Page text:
The early restoration leaders had a dream. It was a dream to bring about unity among all the divisions in Christianity (which have only grown exponentially more numerous) through the restoration of first century Christianity.
Some believe we arrived. No. Many believe we arrived. We restored New Testament Christianity, they say, because we look like them on Sunday. Five acts of worship. Scriptural leadership and governance, correct view and practice of the Lord’s Supper and Baptism.
We restored it. It’s done. Now we rest on our laurels and defend it against all comers because what we have is set in concrete and any change would make us wrong. The vision is to have no vision. The vision is, at most, maintenance of the status quo.
But look back at the first paragraph. Can we say we have restored New testament Christianity merely through mirroring practice if the actual goal was never achieved? Unity.
I don’t see how we can say it is restored if we aren’t united in the same way they were in those early years.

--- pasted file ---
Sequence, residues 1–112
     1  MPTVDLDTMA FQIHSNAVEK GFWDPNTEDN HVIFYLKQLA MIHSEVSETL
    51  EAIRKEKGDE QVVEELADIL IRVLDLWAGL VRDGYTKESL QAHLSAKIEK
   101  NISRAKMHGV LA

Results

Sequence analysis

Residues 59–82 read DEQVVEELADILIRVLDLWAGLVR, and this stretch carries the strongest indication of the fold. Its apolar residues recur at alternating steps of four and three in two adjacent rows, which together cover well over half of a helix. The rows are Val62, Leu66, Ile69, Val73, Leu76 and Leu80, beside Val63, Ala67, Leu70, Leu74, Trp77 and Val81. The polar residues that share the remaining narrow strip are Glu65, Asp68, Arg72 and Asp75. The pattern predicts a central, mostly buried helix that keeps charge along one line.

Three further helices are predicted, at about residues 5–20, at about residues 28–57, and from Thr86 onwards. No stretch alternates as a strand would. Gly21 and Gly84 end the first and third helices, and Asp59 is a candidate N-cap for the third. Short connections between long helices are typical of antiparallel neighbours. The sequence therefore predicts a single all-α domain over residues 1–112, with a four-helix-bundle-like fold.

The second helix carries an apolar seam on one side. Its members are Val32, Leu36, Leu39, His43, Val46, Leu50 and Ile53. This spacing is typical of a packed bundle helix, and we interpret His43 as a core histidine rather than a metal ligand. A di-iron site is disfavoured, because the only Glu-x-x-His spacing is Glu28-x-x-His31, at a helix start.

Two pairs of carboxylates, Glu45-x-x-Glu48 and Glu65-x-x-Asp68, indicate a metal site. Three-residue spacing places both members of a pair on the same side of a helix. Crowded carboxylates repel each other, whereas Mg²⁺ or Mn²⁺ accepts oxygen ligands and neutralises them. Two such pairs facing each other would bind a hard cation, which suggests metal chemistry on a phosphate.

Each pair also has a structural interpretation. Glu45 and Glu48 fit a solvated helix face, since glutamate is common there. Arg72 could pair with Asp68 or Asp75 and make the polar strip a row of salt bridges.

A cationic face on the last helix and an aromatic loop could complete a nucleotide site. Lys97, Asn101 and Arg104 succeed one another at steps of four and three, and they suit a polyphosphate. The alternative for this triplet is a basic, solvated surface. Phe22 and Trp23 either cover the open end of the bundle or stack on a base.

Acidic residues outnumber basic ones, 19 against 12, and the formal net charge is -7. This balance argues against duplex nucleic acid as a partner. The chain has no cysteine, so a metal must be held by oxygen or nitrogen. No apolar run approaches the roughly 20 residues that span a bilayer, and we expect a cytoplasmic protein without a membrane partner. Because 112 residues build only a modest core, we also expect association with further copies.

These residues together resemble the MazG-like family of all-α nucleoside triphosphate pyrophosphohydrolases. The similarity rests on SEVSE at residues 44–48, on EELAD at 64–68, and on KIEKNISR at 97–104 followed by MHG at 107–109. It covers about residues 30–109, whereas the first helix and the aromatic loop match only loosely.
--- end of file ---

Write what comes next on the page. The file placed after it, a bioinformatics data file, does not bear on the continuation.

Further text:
Unity involves far more than doctrine. Unity in the early church also involved bringing people from all nations in the church. Racially diverse congregations. Jews and Gentiles all in the same house (which was a big deal – see Acts 10:27-28), indwelt by the same Holy Spirit, worshiping the same God (see Eph 4:3-6).
We turned to defense mode because we seemed to have accomplished the “How” of our vision but never the “Why”. We should still be on the offensive – making inroads toward unity – across socioeconomic lines, racial lines, etc. Until that is accomplished, the restoration goal isn’t met because we still don’t look like them and don’t embrace their ethos. We have the first century veneer without the skeletal structure of the first century body of Christ.